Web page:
Speaking of appearance, here’s how to tell the cars apart. The 1.3 Standard MT/CVT looks as basic as its name suggests, with no bodykit, no rear spoiler and no rear wiper, while the door handles and wing mirror caps are in unpainted black plastic. However, Standard avoids looking bargain basement as all Iriz’ share the same projector headlamps, LED tail lamps and aeroblade wipers.
The Standard also rolls on the same 14-inch alloy wheels (not steel wheels with caps) with 175/65 Silverstone Synergy M3 as the car on the next step up, the 1.3 Executive MT/CVT. 1.3 Standard to 1.3 Exec is quite a big step up in appearance; you get a full bodykit (body coloured) with a rear diffuser and (small, rounded edge) rear spoiler, plus body coloured door handles and mirror caps. Oh, and rear wipers too.
The 1.6 range starts with the 1.6 Executive MT/CVT. The bigger engine brings with it 15-inch alloys with 195/55 Silverstone Synergy M5 rubber, and the same bodykit in a two-tone colour scheme (body colour with Warm Grey -a colour which is like a mix of grey and dark champagne – inserts, rear diffuser in the same colour).
The B pillars and window outline are in black (body colour on the 1.3) and the bigger rear spoiler is of a more elaborate, sportier design. The ‘Proton wings’ strip on the grille is in chrome, as opposed to silver on the 1.3. Fog lamps make an appearance.
The green hero car you see here is the 1.6 Premium, available in MT and CVT like the other trims. The daytime running lights (DRLs) take the place of the 1.6 Exec’s fog lamps, and they also double up as positioning lights (a.k.a. small lights). The area where the dedicated positioning lamps sit (below the signal lamps) have been filled by a blank black strip as a result. The swap is not very noticeable – a good thing.
As for badging, the 1.3 Standard has a ‘VVT’ emblem and nothing more, with an ‘E’ added to the 1.3 Executive. The 1.6 Executive’s rear reads ‘1.6 VVT’, while the range topper has the full ‘1.6 VVT Premium’.
Now let’s run through the price and specs, starting from the bottom.
Proton Iriz 1.3 Standard
– 1.3 litre VVT engine, 94 hp/120 Nm
– ABS, EBD, Brake Assist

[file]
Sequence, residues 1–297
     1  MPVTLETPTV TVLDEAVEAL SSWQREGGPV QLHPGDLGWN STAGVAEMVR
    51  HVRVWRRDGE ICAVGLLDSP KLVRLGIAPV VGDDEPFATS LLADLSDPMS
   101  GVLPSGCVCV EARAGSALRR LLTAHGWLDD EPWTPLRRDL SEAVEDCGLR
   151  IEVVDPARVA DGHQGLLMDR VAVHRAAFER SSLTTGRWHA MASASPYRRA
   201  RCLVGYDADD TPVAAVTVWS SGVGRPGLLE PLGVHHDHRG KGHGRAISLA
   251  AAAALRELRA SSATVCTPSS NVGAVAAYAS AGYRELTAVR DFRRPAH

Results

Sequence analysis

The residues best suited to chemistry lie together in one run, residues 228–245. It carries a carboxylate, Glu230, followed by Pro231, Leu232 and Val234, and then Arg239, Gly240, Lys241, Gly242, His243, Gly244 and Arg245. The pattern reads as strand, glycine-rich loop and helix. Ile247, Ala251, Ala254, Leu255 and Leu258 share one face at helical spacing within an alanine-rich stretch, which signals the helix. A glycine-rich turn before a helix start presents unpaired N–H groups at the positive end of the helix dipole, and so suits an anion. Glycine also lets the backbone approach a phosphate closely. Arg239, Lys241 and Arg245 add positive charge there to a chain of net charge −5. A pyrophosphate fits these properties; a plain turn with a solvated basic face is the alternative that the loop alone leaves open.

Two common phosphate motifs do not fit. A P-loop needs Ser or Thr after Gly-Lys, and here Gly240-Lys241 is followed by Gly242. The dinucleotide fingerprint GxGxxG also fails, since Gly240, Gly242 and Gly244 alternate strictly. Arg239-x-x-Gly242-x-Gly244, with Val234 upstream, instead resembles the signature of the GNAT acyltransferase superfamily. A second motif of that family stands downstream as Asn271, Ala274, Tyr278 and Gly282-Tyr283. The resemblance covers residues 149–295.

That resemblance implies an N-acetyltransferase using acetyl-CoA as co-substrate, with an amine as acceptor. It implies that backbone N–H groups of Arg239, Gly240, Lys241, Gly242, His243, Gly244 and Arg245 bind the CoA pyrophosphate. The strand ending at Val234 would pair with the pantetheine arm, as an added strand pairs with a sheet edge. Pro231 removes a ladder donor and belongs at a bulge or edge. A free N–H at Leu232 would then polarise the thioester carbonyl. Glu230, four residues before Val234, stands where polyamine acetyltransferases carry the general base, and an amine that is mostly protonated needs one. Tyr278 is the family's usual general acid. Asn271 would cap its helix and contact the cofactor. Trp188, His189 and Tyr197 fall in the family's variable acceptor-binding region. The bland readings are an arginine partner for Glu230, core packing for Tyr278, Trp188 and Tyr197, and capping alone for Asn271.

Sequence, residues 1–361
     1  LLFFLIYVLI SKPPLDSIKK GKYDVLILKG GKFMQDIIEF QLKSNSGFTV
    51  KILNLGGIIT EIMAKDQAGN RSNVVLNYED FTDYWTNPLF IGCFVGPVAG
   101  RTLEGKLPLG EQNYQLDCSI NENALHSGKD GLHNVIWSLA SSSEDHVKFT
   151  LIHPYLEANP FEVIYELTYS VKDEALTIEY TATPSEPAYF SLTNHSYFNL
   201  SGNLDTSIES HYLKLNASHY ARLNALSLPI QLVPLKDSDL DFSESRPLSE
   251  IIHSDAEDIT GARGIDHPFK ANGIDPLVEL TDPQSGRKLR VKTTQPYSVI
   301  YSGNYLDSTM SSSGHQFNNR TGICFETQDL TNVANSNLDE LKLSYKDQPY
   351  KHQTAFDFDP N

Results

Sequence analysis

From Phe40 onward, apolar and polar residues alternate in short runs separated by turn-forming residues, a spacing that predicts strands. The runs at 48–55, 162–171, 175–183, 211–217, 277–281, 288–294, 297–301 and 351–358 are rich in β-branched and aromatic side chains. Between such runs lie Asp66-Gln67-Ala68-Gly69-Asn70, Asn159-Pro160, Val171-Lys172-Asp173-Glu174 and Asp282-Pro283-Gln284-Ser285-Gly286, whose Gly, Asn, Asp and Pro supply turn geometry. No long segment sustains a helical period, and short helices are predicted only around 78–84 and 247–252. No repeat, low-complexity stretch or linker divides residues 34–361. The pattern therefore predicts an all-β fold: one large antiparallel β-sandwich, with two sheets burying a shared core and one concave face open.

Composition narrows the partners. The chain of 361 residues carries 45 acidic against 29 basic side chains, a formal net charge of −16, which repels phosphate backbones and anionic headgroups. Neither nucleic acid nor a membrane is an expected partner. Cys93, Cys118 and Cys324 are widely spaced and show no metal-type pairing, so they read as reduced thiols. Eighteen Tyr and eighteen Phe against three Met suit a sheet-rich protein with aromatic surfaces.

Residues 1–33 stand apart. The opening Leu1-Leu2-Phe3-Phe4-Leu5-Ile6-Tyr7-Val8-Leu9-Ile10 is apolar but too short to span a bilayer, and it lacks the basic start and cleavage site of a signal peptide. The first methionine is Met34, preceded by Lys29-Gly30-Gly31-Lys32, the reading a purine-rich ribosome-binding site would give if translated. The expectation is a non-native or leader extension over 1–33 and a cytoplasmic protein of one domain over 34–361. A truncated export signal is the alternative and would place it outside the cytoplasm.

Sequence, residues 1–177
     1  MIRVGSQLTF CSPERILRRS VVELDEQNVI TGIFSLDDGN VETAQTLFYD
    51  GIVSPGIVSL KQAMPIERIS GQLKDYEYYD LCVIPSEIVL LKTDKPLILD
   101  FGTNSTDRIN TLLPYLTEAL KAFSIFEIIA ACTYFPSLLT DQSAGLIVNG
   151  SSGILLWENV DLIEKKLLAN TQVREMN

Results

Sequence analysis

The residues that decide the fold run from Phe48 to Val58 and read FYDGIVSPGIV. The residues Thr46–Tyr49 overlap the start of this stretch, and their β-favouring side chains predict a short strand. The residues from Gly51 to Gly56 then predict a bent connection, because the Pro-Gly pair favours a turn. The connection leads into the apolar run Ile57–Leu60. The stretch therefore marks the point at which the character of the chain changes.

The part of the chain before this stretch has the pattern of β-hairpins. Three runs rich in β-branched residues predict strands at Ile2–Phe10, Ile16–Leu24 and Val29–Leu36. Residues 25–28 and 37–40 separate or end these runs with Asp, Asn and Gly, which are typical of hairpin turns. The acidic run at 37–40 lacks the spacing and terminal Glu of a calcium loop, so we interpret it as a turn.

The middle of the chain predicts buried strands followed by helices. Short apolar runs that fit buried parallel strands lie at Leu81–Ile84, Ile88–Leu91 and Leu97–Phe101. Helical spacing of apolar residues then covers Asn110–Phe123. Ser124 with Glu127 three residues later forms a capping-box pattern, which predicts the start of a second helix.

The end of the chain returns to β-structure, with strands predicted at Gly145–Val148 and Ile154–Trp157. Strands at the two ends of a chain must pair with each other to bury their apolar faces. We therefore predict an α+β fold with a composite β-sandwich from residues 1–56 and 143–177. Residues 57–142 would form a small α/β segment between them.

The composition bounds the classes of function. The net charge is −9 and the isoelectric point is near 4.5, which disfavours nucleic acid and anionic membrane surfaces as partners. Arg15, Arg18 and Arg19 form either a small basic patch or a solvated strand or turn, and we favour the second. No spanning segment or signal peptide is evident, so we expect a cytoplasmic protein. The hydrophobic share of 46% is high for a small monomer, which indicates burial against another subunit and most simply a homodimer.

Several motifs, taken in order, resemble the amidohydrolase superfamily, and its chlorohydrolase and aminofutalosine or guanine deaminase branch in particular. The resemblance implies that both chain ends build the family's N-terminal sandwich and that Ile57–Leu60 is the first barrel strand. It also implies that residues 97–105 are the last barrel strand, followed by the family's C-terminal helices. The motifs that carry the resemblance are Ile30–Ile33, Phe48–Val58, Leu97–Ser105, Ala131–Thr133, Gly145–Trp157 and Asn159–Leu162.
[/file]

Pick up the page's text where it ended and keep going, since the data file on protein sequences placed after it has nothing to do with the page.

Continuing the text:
– Electronic Stability Control, Hill Hold Assist
– Isofix mounts on rear seats
– Seat belt reminder for all seats
– Dual front airbags
– Reverse sensors
– 14-inch alloy wheels
– Silver “Proton Wings” grille
– Fabric seats
– Three-point rear seatbelts, 60:40 split-folding
– 2-DIN audio system with Bluetooth, AUX, USB
– Unpainted exhaust
Proton Iriz 1.3 Executive adds on:
– Bodykit (body colour)
– Rear spoiler (small, rounder design)
– Body coloured door handles, wing mirror caps
– Rear wiper
– Black painted exhaust
– Ash Grey centre console frame, Galvano Silver gear lever base
– USB chargers (1.5 Amp, 2.1 Amp)
Proton Iriz 1.6 Executive adds on:
– 1.6 litre VVT engine, 107 hp/150 Nm
– Android-based touch screen infotainment system with GPS navigation
– Reverse camera
– 15-inch alloy wheels
– Dual-tone bodykit
– Rear spoiler (bigger, square design)
– Front fog lamps
– Black B-pillar and window frames
– Fabric trim for door cards
– Patterned fabric seats
– Steering audio controls
– Piano black trim on steering
– Chrome grille
– Portable WiFi huddle
Proton Iriz 1.6 Premium adds on:
– Six airbags (dual front, side, curtain)
– Leather seats
– Leather on door cards
– Leather-wrapped steering wheel
– Extendable sunshades
– Chrome trim on AC vents, Ash Grey instrument cluster housing
– Keyless entry and push start
– Auto-fold wing mirrors
– Daytime Running Lights (replaces fog lamps)
Prices start from RM42,438 for the 1.3 Standard MT, rising to RM62,888 for the top-of-the-line 1.6 Premium CVT, on-the-road including insurance. Final prices for the Standard and Premium match the earlier estimated numbers, but 1.3 and 1.6 Executive prices see a reduction of RM1k to RM2k. Proton is throwing in three years (or 100,000 km) of free service, on top of a five-year 150,000 km warranty.
Proton CEO Datuk Abdul Harith Abdullah revealed that the company has 17,000 bookings in hand, to date. Full mass production will start in October, along with deliveries of the first customer cars.
Before you proceed to browse our exclusive studio gallery of the new Proton Iriz, tune in to the live streaming coverage of the launch event on our YouTube channel. What do you think of the new kid on the block?